Book review · novel

Book review: Age of Swords

Age of Swords (The Legends of the First Empire #2), by Michael J. Sullivan

Please note that this is a sequel and you might get spoiled if you keep reading further and haven’t read the first book yet.

9781101965368Description: (from Penguin Random House)

Raithe, the God Killer, may have started the rebellion by killing a Fhrey, but long-standing enmities dividing the Rhunes make it all but impossible to unite against the common foe. And even if the clans can join forces, how will they defeat an enemy whose magical prowess renders them indistinguishable from gods?

The answer lies across the sea in a faraway land populated by a reclusive and dour race who feel nothing but disdain for both Fhrey and mankind. With time running out, Persephone leads the gifted young seer Suri, the Fhrey sorceress Arion, and a small band of misfits in a desperate search for aid—a quest that will take them into the darkest depths of Elan. There, an ancient adversary waits, as fearsome as it is deadly.

Publication date: July 25th 2017.
A review copy (eARC) of this book was provided by the publisher through Netgalley. Some things might change in the final copy.

Reminder that my review for the first book in the Legends of the First Empire series is here.


It is such a wonderful feeling to come back to Persephone, Raithe, Arion, Suri… I kept having flashbacks from the first book and remembering how good it was. This calls for a re-read!

While they were also on the first book, to my delight these supporting characters have a much greater place and role in Age of Swords:

  • Roan, a genius mechanic young woman, touch-averse mostly because of the abuse she suffered from her father.
  • Brin, a bright young woman with the title of Keeper of Ways.
  • Moya, a fearless and beautiful young woman.
  • Minna, Suri’s white wolf.
  • Gifford, a disabled young man with a speech-impermeant, best potter of the village, and the nicest of all people.

Raithe is not as present than in the first book, but that didn’t bother me that much. Since Age of Myth introduced so many great characters and this sequel gives those the importance they deserve, I’m happy with this. Moya gets so much development, same for Suri, Gifford and the other listed above. (I’m literally trying not to yell about how much I love them <3)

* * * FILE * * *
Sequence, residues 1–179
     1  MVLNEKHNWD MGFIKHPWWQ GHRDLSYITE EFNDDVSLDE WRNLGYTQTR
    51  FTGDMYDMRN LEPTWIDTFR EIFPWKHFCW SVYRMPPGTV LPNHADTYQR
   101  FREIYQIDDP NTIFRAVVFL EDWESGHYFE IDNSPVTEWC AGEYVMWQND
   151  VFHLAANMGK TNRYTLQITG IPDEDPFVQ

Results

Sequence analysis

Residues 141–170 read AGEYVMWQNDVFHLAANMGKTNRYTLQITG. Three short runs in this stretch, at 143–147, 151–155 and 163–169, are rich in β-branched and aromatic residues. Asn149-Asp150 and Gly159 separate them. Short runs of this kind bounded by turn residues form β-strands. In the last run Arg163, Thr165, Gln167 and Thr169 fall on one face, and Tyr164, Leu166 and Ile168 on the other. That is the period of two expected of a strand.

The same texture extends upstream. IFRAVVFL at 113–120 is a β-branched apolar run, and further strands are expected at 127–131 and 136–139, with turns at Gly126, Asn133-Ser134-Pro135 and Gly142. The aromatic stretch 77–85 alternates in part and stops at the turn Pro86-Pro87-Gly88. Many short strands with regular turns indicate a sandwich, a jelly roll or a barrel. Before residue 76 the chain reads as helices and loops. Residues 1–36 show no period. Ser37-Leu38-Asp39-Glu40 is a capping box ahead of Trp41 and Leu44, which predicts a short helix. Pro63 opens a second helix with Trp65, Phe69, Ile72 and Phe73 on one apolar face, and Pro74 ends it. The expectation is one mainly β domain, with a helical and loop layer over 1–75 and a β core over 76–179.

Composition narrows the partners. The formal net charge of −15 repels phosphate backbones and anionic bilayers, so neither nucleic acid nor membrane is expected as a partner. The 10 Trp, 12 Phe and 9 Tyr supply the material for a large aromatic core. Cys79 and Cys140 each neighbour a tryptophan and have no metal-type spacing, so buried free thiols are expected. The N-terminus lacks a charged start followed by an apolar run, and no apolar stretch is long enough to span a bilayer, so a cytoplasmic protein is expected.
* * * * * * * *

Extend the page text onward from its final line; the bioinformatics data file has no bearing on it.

Persephone might remain my favourite. Now chieftain, she shows great strength but without ever losing sight of who she is, never sacrifying her integrity and her individuality to fit in a world not yet used to women in a position of power like this. She is a strong woman, not for her fighting skills but for her incredible personality. She trusts her skills, her authority and leadership, she trusts her people and will do anything for them.

I love that the whole village is important and we don’t just get to know the main characters. We end up caring and rooting for so many people. A recurring theme in the novel is grief, because from the events of book 1 almost everyone lost someone. All the characters are coping in different ways, together.

While the stakes are starting to get higher in this book, you can feel it’s a sequel and most of the big stuff will happen later. While you could call it a set-up book, it didn’t make me enjoy it less. The book took the time it needed to let the reader witness the characters’s growth and development. You know how I love The Long Way to a Small Angry Planet for the characters and their relationships, well this book could almost be the fantasy equivalent because while the plot does not move that much, the characters are AMAZING. And mostly the women to be honest. And what an amazing squad of brave women they make ❤

Without some of the things I’m going to talk about next, this could have been an all time favourite. Still, I’m sure this is a book I’ll love to reread later, because so many amazing things happened and it moved me deeply.

A thing that bothered me is that, at first, everyone kept on calling the Dherg people “Dherg” when they specifically said this was an insult to them and told them their actual name (Belgriclungreians). But then they ended up being renamed Dwarfs (because of course). I feel there’s a missed opportunity here, about people not being willing to call a people with their actual name. I kept hoping for them to try but I’m a bit disappointed it didn’t happen. I get that the author is trying to bring the whole human/elf/dwarf in an original manner, but on this case, it didn’t felt okay.

I still don’t like Mawyndulë’s point of view. He is the antagonist and I feel like the author is trying to add nuance to him, but I just don’t like being in the head of such a despicable person, even if it makes me understand a bit his actions, he’s still awful. There wasn’t that many chapters from his perspective but it still felt too much for me, and a bit predicable.

The wheel, writing, barrels, bow and other big inventions are invented in a short period of time by one or two characters and I found that quite convenient? It’s a fantasy novel so eh, why not, but it did make my eyes roll a bit I have to admit.

The pacing might feel uneven to some people, but it wasn’t a problem to me. Like I said, I love how it managed to make time for a lot of “secondary” characters, so much that I don’t feel like they are secondary anymore. It all just seem like an amazing cast of characters that I can’t get enough of and am glad ended up in such a great novel.

As a whole, I’d say I love this book more than the first – that I already loved. This is one I’ll buy as soon as it is out in paperback and read again with great pleasure. 2017 is starting to feel like the year with all the best sequels to me!


Trigger Warnings: abuse, violence
Does the dog/cat/pet dies? (highlight to see) YES why must you do this to me. There were tears involved in the reading of this great book.

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